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Court acquits leaders of alumina plant in red sludge trial

February 1st, 2016

The leading pro-government daily finds it outrageous that the leaders of the MAL Company, responsible for a 2010 industrial accident in western Hungary in which ten people died, were cleared of the criminal charges against them. A left-wing commentator blames the government for suggesting that the management bore responsibility for the disaster.

In a first instance ruling on Thursday, the Veszprém Municipal Court acquitted the top managers of the MAL Hungarian Aluminium Company of all criminal charges. In October 2010, ten people died and a whole village was destroyed by a tidal wave of red sludge, when the wall of a waste storage reservoir of the MAL alumina works at Ajka ruptured. According to the verdict, the leaders of the company complied with all relevant rules and regulations and were not aware of any hazards. The prosecutor announced that he would appeal against the verdict. In a 2012 court ruling the company paid limited compensation to victims (see BudaPost October 29, 2012).

It is a shame that after years of investigation and court proceedings, the criminal responsibility of the MAL management could not be established, Gyula Haraszti comments in Magyar Idők.  The pro-government columnist accuses judge Györgyi Szabó of being “complicit” in a catastrophe which was caused by negligence. Haraszti recalls that the MAL Company was privatized at a reduced price because the new owners pledged to invest billions of Forints in improving the factory’s technology. Had they done so and kept all other regulations, the catastrophe would not have happened, Haraszti claims. In conclusion, he hopes that the appeals court will “restore justice” and overrule the first instance verdict.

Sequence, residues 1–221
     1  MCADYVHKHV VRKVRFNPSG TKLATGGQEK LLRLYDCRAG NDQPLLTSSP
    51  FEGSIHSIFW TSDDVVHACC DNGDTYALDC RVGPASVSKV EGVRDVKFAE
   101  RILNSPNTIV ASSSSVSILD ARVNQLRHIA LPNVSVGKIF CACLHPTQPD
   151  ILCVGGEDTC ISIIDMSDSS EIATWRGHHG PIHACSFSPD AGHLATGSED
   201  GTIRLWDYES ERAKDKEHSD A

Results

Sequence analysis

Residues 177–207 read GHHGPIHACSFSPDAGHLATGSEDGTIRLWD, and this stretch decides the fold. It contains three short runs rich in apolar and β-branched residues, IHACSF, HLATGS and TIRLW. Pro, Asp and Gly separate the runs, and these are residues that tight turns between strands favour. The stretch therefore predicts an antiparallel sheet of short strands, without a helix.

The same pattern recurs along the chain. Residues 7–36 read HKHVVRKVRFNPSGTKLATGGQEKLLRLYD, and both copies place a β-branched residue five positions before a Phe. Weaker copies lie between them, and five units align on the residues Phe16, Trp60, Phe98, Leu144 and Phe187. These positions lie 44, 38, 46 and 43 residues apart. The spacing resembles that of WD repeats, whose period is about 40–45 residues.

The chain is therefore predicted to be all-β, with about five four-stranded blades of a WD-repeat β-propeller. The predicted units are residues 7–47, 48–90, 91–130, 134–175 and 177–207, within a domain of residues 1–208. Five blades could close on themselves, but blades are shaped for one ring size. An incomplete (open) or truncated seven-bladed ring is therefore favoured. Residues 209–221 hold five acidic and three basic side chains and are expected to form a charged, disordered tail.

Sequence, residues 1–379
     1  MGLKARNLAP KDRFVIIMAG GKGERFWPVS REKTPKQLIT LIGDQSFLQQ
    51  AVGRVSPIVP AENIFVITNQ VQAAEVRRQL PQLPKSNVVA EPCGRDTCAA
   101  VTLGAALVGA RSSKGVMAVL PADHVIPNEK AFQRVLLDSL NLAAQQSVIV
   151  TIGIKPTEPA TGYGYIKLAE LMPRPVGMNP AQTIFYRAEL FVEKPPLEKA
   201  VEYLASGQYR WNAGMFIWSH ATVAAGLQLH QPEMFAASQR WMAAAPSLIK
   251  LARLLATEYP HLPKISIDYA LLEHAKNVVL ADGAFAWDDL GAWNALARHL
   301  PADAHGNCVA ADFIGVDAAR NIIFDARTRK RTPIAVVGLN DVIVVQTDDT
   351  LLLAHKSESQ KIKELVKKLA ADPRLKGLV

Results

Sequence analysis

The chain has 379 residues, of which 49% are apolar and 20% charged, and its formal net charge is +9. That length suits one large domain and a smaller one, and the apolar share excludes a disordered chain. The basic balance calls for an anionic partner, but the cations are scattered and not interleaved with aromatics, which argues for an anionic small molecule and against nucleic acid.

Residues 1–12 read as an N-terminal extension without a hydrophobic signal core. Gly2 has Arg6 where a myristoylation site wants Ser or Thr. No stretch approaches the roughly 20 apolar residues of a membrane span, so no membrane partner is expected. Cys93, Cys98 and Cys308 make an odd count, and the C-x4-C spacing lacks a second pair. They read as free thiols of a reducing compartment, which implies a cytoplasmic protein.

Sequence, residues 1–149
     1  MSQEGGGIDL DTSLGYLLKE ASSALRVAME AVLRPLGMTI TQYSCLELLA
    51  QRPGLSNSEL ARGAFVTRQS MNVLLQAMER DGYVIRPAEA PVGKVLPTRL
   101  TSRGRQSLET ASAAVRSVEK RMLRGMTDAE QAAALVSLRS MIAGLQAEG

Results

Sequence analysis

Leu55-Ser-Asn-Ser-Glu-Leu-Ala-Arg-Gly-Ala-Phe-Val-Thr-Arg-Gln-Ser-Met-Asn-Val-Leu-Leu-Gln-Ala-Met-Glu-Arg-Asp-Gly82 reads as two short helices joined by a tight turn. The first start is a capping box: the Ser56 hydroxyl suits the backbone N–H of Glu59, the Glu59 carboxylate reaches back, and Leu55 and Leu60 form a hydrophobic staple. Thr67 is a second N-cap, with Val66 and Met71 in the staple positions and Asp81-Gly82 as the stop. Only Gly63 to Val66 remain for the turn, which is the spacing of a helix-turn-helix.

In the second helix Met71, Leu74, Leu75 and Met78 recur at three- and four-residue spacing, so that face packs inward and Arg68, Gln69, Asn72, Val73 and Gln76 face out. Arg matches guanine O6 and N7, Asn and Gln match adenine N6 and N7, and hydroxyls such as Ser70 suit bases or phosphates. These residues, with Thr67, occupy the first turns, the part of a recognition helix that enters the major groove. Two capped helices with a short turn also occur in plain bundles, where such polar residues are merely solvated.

In Népszabadság, Péter Cseri blames the government for suggesting in the first place that the management of MAL bore criminal responsibility for the catastrophe. The left-wing columnist quotes judge Györgyi Szabó who remarked in her verdict remarked that the red sludge spill was not a natural disaster, but the result of human negligence. Those responsible, however, were not to be found among the defendants, but among those who constructed and oversaw the plant before it was privatized, Cseri believes.

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